The Senate passed legislation Wednesday to reverse a Trump administration policy limiting donor disclosure requirements for political nonprofits in a rare rebuke to the White House.
In a 50-49 vote, the Senate approved a resolution from Sens. Jon Tester (D-Mont.) and Ron Wyden (D-Ore.) that would block the recent Treasury Department change to IRS forms allowing political nonprofits to avoid listing some donors.
Sen. Susan Collins (R-Maine) joined every Democrat in support of the measure, which required only a simple majority to pass under the Congressional Review Act.
“The Trump administration’s dark money rule makes it easier for foreigners and special interests to corrupt and interfere in our elections,” said Wyden, the ranking member of the Senate Finance Committee in a Senate floor speech.
Tester had also been optimistic earlier this week about the resolution’s prospects.
“I think it’s gonna be close but I think we’ve got the votes,” he said Tuesday.
Prior to the vote, Senate Majority Leader Mitch McConnell (R-Ky.) said the resolution was an “attempt by some of our Democratic colleagues to undo a pro-privacy reform. … In a climate that is increasingly hostile to certain kinds of political expression and open debate, the last thing Washington needs to do is to chill the exercise of free speech and add to the sense of intimidation.”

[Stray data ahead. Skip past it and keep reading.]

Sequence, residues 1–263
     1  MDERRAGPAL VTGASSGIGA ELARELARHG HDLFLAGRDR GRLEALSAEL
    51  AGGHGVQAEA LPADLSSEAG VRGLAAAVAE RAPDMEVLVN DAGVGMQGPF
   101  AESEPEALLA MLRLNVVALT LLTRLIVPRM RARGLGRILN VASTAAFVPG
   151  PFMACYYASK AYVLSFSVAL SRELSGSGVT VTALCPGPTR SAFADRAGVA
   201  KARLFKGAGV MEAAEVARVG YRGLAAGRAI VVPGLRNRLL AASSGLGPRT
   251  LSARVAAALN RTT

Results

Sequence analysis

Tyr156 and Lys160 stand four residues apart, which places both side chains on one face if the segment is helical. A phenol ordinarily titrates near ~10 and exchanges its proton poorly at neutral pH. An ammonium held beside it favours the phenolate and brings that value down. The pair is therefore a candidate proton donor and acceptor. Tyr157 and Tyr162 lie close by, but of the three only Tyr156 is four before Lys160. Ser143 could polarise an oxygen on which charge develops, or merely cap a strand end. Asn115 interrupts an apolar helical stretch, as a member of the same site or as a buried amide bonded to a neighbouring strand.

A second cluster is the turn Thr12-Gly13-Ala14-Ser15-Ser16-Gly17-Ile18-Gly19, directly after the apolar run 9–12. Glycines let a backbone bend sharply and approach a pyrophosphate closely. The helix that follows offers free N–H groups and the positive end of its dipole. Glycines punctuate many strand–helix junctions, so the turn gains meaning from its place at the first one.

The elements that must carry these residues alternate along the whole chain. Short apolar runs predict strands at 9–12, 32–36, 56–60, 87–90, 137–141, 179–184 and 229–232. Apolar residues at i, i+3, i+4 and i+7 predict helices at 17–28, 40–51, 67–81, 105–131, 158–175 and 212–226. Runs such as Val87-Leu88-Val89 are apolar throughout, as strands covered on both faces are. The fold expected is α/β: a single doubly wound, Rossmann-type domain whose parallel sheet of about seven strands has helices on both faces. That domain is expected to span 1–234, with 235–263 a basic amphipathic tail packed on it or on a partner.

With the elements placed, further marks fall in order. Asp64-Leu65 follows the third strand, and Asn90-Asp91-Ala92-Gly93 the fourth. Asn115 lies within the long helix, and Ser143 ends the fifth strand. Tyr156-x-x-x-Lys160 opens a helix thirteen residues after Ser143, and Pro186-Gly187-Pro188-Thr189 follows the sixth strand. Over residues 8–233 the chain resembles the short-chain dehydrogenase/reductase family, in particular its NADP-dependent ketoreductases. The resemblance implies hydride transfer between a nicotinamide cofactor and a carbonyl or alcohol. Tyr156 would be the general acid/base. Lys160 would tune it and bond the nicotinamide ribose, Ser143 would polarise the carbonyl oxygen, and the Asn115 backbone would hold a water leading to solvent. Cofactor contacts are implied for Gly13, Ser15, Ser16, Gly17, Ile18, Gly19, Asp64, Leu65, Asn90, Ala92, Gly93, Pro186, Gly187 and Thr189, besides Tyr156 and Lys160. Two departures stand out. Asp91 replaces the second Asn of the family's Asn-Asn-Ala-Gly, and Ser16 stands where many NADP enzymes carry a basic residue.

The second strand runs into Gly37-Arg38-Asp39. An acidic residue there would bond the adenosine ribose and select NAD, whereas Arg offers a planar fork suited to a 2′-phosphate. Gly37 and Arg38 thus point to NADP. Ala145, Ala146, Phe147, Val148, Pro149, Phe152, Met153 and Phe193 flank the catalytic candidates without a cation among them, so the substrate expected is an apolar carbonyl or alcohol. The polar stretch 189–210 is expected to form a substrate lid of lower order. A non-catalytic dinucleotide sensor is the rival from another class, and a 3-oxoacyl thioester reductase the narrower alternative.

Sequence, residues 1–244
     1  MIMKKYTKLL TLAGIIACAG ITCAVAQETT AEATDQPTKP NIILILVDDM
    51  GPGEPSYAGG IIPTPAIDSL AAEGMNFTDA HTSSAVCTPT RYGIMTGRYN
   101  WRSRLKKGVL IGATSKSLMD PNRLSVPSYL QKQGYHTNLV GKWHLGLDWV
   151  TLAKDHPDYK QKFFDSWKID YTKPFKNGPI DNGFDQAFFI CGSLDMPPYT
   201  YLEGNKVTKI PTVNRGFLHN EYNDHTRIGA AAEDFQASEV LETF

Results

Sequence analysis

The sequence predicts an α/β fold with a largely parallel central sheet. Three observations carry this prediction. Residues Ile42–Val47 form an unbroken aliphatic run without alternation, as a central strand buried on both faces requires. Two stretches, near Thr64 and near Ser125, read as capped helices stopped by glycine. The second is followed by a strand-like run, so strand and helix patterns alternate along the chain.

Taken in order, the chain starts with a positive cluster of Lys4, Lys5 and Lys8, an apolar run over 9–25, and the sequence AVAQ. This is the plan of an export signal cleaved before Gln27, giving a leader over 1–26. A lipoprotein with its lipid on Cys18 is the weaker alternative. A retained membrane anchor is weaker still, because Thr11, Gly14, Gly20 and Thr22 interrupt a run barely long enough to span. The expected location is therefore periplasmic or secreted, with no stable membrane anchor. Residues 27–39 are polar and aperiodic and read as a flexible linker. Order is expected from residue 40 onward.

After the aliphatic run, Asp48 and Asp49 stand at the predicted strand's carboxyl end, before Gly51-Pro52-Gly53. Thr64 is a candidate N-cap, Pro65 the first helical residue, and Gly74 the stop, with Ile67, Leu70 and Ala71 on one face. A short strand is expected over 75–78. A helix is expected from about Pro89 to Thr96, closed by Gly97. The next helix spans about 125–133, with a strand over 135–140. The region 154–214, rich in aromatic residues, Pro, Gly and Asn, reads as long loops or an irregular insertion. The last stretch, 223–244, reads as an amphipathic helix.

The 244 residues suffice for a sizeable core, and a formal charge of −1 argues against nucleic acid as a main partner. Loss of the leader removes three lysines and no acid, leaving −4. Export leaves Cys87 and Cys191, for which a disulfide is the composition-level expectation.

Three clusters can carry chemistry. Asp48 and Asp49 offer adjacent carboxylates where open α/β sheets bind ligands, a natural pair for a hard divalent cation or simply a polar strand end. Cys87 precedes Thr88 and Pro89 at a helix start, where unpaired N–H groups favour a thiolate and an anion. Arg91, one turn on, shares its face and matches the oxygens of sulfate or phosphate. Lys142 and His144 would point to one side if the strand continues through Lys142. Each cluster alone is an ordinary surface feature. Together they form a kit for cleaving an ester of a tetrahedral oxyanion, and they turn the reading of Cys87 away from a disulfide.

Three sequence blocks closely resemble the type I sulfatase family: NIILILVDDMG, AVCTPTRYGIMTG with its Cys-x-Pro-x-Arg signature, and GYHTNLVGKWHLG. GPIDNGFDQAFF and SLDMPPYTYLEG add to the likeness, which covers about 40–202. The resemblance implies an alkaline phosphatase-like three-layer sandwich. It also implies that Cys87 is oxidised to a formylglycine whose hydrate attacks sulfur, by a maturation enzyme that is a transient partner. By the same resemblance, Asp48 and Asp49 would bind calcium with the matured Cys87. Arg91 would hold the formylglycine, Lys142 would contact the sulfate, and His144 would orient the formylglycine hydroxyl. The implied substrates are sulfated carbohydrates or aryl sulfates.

The measure is unlikely to be taken up by the GOP-controlled House, and it was opposed by conservative groups, including the Koch-backed Americans for Prosperity.
“We are committed to enhancing government transparency, protecting the privacy of American citizens, and the freedom of association enshrined in the Constitution,” Brent Gardner, AFP’s chief government affairs officer said in a statement “S.J. Res. 64 fails on all of these fronts.”
Article originally published on POLITICO Magazine
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